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Vladimir Posse

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Born 1924, city of Kiev, Ukraine [former USSR]. Comes from a family of historians. Professional historian. Father was executed in 1937 by being charged as a People’s Enemy. Fought in combat in 1st Sub-Baltic Front, Leningrad’s Front. Was wounded liberating a city of Vyborg [near St. Petersburg]. After the war received his BA in History. Author of numerous scientific publications. Co-author of the Encyclopedia of Partisan Movement of Belorussia during the Great Patriotic War 1941-1945. Presently resides in Minneapolis, MN.

“We were fed very well. We were dressed up well. We were drilled for a long time: about a month and a half. After May 1st holidays [this is similar to American Labor Day], city of Moscow started prepping up for the Victory Parade. We were drilled daily, we were trained to march. To keep our heads up and rifle bayonet raised; to yell Hurray! and Zdravia Zhelayu! [Russ. military greeting] Well, we lined up in front of Historical Alley [a street in a center of Moscow near Red Square] when Marshal Zhukov and Rokossovsky appeared. Then that sense of excitement was gone somewhere. There was a great sense of stress and responsibility. We were present at something very important. I did not realize then that it was an event of historical importance. I understood that something very significant was taking place…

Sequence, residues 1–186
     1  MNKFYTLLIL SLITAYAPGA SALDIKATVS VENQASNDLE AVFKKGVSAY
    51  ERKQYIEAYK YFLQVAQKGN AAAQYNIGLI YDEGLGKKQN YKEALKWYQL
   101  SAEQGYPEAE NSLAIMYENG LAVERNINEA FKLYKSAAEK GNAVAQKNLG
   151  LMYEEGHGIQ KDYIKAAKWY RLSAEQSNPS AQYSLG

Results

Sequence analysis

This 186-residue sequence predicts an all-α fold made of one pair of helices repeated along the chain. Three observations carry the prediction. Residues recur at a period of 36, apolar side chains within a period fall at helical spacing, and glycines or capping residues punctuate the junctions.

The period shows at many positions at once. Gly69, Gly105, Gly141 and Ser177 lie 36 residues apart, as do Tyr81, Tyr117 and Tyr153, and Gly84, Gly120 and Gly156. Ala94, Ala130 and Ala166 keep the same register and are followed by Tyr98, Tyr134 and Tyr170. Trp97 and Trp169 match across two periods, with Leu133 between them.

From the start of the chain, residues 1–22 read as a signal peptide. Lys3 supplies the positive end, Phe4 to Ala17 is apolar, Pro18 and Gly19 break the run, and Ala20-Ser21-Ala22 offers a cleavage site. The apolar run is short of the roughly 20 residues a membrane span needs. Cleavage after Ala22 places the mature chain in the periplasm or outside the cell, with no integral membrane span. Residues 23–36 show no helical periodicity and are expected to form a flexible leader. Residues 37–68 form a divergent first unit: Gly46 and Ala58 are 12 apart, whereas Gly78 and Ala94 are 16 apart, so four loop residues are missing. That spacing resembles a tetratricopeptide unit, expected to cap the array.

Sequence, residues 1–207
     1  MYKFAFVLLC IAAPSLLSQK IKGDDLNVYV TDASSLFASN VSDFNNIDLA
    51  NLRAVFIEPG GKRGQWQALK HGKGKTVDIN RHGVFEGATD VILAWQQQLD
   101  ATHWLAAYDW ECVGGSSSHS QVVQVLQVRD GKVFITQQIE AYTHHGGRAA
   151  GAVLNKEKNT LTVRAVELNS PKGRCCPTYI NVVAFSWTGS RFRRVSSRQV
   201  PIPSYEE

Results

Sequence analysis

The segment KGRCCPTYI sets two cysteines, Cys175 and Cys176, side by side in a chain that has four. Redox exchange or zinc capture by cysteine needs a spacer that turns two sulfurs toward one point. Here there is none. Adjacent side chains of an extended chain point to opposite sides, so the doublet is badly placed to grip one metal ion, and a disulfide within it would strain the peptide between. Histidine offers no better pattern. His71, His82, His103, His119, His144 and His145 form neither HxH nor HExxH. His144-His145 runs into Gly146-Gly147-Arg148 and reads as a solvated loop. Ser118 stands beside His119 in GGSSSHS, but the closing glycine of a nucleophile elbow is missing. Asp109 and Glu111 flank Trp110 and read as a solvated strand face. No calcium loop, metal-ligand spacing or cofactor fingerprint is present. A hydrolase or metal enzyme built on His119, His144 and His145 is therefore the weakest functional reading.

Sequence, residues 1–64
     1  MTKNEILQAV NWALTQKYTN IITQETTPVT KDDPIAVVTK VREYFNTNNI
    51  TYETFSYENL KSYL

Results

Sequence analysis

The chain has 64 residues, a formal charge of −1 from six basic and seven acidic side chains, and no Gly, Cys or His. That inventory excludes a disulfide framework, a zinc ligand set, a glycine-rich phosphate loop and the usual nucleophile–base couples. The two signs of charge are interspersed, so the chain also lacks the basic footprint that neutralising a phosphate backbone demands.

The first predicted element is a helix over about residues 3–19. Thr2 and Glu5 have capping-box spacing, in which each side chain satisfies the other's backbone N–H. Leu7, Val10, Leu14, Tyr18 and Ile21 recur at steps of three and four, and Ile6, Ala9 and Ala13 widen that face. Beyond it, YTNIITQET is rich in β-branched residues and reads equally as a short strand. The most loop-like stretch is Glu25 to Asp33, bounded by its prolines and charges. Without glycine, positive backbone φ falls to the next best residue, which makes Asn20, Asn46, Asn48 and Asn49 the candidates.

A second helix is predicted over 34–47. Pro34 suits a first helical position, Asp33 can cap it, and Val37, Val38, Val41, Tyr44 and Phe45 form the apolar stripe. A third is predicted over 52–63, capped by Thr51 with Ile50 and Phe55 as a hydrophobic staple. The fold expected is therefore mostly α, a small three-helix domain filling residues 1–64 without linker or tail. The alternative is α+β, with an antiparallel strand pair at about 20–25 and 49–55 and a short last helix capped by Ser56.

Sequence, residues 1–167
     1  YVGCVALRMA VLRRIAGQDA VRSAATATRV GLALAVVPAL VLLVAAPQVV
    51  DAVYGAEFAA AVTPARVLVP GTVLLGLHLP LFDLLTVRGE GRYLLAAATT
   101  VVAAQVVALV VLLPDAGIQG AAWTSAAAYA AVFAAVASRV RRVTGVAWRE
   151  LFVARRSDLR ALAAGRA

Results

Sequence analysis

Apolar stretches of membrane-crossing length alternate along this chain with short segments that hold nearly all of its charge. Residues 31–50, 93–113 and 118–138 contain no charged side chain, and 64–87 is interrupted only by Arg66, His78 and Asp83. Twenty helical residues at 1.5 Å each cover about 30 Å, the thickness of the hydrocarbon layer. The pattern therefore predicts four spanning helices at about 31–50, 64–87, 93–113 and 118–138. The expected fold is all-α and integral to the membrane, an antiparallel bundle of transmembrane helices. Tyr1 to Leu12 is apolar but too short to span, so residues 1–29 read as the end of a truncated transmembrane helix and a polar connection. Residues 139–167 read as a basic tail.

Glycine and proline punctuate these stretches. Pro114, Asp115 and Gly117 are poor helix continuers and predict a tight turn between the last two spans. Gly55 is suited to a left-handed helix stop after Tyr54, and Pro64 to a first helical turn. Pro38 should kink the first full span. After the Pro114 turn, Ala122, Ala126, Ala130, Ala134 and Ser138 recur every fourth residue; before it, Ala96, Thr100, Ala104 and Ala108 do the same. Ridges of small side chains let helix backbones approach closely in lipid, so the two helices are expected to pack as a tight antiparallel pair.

You know, when on May 9 [Soviet WWII Victory Day in Europe], sometimes, I put on my Great Patriotic War decorations, I need it for self-assurance. I feel myself strong, I feel myself tough. I feel that I am not afraid of anything; I am the same good ol’ soldier! Though… I don’t see it in any other way, it is [pure] symbolical, it is a sign of self-acknowledgement, self-confidence, but nothing else. The same applies to my of Medal for Courage. This is my soldier’s medal. I am a soldier!”

Photo by Kamil Dadashev

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